Lampreys put a bite on lake trout
Written by Green Bay Press-Gazette   
Thursday, 10 August 2006 14:56

Lake trout, once the dominant predator on Lake Michigan, are so rare these days that salmon have replaced them as the fish of choice whenever a backyard boil is in order. While most longtime big-lake anglers admit today's salmon and steelhead are far more fun to catch, high-fat lake trout have a one-of-a-kind taste after being boiled with potatoes, salt and onions and smothered in melted butter.

"They're a little better tasting, a little more moist," said Denny VanDenBerg of Kewaunee, who has been boiling fish for almost 50 years. "They might fight like a log, but then again, so do walleyes."


Brian Frerk of Green Bay gives away almost all of the salmon and trout he catches while fishing with his 6-year-old son, Josh.


He may not fully understand, then, the love affair with lake trout by those who grew up with them when they were the only game in town in the 1960s or who targeted them in spring or whenever nothing else would bite on slow days from the 1970s to the 1990s.


The Frerks captured something Tuesday off Algoma, however, that may be playing a role in the huge drop in lake trout numbers over the past decade — a 24-inch sea lamprey attached to a chinook salmon.


There may be more lampreys in Lake Michigan than any time since efforts to control them started in the 1960s, said Mark Holey, project leader for the U.S. Fish & Wildlife Service's Fishery Resources office in Green Bay.


The St. Mary's River, between lakes Superior and Huron, got much of the blame for the initial surge in lamprey numbers a decade or so ago. Then, several years ago, holes big enough to allow lamprey passage were found in a dam on the Manistique River in Michigan's Upper Peninsula.


The river, the largest watershed in the U.P., is difficult to treat, with few barriers above the first dam. Those waters were treated in 2003 and 2004, and Holey said he expected lake trout numbers to improve this year.


However, many anglers have yet to catch a lake trout this summer. Others have landed only one or two. It once was common to get that many in a single trip while targeting deep-water salmon.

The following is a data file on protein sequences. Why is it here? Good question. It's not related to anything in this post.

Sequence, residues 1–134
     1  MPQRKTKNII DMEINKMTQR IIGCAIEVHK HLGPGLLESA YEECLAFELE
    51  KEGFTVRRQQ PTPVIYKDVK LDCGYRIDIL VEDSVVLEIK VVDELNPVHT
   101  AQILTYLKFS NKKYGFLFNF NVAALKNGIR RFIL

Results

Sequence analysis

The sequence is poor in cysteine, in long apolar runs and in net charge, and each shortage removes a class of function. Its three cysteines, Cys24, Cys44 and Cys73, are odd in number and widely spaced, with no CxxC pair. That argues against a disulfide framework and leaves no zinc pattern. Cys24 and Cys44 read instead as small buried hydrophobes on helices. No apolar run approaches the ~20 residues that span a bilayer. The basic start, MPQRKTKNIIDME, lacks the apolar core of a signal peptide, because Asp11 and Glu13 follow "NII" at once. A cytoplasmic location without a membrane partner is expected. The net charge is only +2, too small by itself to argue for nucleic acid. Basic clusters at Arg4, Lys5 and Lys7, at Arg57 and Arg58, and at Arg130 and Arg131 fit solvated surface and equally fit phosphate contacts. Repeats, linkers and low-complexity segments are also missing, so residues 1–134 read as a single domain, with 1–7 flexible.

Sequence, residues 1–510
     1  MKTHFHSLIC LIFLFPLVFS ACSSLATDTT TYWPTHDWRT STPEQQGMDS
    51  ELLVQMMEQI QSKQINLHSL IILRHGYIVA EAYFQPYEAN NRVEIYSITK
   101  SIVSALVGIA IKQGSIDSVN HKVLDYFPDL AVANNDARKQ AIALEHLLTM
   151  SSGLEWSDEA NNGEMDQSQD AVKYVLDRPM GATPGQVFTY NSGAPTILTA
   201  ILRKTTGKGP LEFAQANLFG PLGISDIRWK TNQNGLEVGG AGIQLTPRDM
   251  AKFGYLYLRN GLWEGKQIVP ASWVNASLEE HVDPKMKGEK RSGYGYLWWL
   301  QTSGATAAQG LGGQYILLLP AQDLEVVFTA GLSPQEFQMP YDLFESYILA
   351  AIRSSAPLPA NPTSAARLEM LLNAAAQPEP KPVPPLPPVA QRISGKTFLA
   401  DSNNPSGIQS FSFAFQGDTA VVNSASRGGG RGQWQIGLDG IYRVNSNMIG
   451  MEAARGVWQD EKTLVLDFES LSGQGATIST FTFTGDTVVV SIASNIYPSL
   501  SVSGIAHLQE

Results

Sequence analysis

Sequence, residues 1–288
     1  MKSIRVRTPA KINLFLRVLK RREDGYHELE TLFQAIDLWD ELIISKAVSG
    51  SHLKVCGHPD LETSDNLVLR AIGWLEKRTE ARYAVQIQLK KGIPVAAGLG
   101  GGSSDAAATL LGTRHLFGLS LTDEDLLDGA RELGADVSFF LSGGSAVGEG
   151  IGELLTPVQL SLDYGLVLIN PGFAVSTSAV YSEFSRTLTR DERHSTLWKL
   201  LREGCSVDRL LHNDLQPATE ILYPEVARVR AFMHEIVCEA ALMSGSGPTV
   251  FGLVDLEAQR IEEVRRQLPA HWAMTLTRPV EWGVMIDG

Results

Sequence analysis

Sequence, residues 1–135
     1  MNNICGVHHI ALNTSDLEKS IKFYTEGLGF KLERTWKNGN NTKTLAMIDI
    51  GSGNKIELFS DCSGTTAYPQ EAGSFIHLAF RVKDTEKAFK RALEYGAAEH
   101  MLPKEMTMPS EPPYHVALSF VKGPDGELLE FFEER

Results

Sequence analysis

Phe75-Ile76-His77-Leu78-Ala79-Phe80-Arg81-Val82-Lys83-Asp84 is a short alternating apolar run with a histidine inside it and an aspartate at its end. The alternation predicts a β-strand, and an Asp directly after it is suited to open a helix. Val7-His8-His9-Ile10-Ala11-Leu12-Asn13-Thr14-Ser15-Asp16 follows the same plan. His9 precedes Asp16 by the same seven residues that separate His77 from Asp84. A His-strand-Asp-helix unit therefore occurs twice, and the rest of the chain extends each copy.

An increasing number of lamprey scars and live lampreys attached to salmon, steelhead, brown trout and even a jumbo perch on Green Bay have anglers concerned.


When a sea lamprey attaches to its prey, it uses its tooth-covered tongue to drill and suck blood from its source. A type of anticoagulant in its saliva is injected so that the sea lamprey is able to keep the wound open until it gets full.


After that, the target fish has only a slight chance of survival; most die from an infection in the wound, with an estimated six of seven dying.


Before chemical treatments began in 1958 in Lake Superior streams and 1960 in Lake Michigan, lampreys devastated a fishery already sliding from overharvest by commercial netters. Lake trout production in Lake Michigan dropped from 7 million pounds annually to zero, and populations in the remaining lakes were reduced to small remnants of historic levels.


During the 1950s, scientists tested almost 6,000 compounds to identify one to which larval sea lampreys were especially sensitive. That led to the discovery of the lampricide known as TFM, which was effective enough that biologists believe the population was cut by 90 percent.


Lampreys are most vulnerable during their worm-like larval stage, when they burrow in the sand or silt bottoms of Great Lakes tributaries for three to seven years or more. As adults, they spend 12 to 20 months in the lake, killing an estimated 20 to 40 pounds of fish each before returning to rivers to spawn and die. Average size of adults is 12 to 22 inches.


Like most exotic invaders, lampreys have no natural predators. Native to the North Atlantic Ocean and many of its tributaries, they were discovered in Lake Ontario around 1835, Lake Erie in 1921, Lake Huron in 1932, Lake Michigan in 1936 and Lake Superior in 1946. Niagara Falls was a natural barrier until the construction of the Welland Canal in 1829 for the shipping industry.


Spawning typically occurs in late spring or early summer, and one female can produce 60,000 eggs. Biologists estimate about 14 percent of them are likely to be deposited in the nest, and once there, they have about a 90 percent chance of survival.

 
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